Coral mortality – is there still salvation?

Corals look like beautiful underwater flowers. 

But they are actually colony-forming cnidarians. They occur especially in the tropical belt. Corals live in symbiosis with algae in order to be supplied by them with nutrients for their growth.

There are stony and soft corals. The different species of stony corals form beautiful coral reefs with their limestone deposits.

In addition to rainforests, coral reefs are among the most species-rich habitats in the world. They make up less than 1% of the area of all oceans, but are home to a quarter of all marine life. The size of all reefs is estimated at about 600,000 km2. They have been around for over 225 million years, therefore they are among the oldest ecosystems in the world.

Unfortunately, they are very sensitive to climatic influences, such as temperature changes. At above-average water temperatures – caused by global warming – corals repel the vital algae, leaving them starving to death or at the mercy of harmful diseases. As a result, they lose their color and that is called coral bleaching. 

Already in 2018, the Intergovernmental Panel on Climate Change warned that with a global warming of 1.5 degrees, 70-90% of all coral reefs would die. About half of all shallow water corals on the Great Barrier Reef in Australia are already considered extinct. According to scientific estimates, almost all remaining coral reefs could be destroyed by 2050.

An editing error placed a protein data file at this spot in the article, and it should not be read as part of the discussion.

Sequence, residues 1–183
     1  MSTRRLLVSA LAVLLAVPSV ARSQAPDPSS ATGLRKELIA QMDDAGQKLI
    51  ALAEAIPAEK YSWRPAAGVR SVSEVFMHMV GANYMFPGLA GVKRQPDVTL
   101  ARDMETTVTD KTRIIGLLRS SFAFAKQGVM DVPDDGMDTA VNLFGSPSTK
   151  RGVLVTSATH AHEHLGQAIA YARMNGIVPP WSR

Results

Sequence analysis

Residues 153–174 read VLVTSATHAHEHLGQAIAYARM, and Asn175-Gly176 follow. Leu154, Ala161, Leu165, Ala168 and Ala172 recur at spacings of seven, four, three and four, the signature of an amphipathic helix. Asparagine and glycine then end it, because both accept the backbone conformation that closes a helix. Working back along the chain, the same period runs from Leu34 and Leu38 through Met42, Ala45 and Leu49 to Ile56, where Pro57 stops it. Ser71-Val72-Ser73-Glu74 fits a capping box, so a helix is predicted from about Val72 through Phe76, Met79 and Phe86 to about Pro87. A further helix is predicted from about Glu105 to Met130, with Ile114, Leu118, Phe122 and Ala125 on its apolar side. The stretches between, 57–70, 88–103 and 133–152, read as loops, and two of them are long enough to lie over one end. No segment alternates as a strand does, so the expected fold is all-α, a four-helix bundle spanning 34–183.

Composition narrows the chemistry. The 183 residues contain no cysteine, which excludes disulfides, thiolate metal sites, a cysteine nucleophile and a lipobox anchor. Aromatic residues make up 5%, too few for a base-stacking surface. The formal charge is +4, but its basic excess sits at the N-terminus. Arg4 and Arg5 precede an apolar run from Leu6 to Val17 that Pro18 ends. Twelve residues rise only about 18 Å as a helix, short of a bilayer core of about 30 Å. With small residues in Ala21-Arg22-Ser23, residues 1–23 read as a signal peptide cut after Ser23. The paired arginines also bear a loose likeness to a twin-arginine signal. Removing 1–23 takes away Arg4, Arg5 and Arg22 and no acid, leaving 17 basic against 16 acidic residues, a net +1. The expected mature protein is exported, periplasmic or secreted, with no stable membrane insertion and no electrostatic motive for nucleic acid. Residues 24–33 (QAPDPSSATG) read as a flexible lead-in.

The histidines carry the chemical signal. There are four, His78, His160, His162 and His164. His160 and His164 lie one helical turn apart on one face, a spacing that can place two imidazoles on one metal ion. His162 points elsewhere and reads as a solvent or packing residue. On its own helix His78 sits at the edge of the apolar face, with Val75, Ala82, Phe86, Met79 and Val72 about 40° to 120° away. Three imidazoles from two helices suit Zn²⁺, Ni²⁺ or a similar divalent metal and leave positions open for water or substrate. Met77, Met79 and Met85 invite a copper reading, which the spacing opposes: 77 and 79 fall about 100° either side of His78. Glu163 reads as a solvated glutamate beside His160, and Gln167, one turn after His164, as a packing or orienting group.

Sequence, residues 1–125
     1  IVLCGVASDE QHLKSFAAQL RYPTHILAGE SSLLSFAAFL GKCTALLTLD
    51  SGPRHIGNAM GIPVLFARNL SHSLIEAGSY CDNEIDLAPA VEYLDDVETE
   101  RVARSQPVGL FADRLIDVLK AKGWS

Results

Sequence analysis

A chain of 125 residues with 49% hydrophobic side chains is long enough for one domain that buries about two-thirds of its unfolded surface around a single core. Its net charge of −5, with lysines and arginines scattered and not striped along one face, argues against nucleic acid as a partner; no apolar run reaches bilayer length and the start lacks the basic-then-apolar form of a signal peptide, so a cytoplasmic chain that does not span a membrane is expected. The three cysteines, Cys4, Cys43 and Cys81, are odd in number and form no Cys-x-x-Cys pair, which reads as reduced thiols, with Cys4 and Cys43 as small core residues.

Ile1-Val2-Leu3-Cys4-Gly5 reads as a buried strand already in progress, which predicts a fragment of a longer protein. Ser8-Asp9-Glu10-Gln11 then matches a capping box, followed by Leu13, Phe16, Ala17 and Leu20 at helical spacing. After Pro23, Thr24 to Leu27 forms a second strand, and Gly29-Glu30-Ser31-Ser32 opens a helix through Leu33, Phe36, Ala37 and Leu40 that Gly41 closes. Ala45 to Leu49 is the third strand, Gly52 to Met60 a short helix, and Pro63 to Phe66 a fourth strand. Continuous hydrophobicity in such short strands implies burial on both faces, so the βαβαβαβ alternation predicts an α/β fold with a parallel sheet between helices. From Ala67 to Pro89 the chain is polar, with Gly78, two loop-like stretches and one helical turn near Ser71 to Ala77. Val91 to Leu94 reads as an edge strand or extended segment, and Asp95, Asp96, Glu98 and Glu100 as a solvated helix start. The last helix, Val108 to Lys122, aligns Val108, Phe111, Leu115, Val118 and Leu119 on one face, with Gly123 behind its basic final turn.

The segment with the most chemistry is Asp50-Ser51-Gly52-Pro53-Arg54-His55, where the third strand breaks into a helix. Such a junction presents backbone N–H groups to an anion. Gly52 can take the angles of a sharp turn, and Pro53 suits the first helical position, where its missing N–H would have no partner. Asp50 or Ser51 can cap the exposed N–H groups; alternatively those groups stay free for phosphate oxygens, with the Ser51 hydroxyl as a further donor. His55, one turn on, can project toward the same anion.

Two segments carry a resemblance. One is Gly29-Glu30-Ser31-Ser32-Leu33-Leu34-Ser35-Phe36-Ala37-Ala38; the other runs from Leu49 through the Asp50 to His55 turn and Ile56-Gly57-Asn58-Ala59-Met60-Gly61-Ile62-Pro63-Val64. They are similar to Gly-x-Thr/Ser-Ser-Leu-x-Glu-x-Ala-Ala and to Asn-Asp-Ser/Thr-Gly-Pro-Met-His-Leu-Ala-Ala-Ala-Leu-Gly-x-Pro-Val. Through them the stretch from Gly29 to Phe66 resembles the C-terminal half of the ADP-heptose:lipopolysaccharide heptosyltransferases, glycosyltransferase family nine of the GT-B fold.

However, there are other stress factors for corals, such as the acidification of the oceans or pollutants in the water.

Another threat to corals is overfishing. As a result, crown of thorns starfish spread very quickly worldwide, as their natural predators are overfished. One crown of thorns starfish eats a fist-sized coral every day.

If the corals die, the rest of the life on the reef also dies, as e.B fish need corals as protection against predators. This would have fatal consequences for many countries. Coral reefs provide food, livelihood, and coastal protection to one billion people worldwide.

But there is also something happening to protect coral reefs, for example in the Reef Village project, which has set itself the goal of rebuilding coral reefs. With your help we want to support this project! You can read more about this in one of the next blog posts.

Reforestation helps saving coral reefs too: dead corals are replaced by more resistant corals or equipped with microorganisms that give them more stress tolerance.

The problem is that corals grow very slowly, so a recovery of stocks is a lengthy process that does not happen overnight. Some corals recover within 10-15 years, some take several decades.

Another way to protect coral reefs would be to have more marine protected areas. Currently, only 7% percent of the sea areas are formally protected.

There is still a lot to do to protect the coral reefs and thus our oceans!

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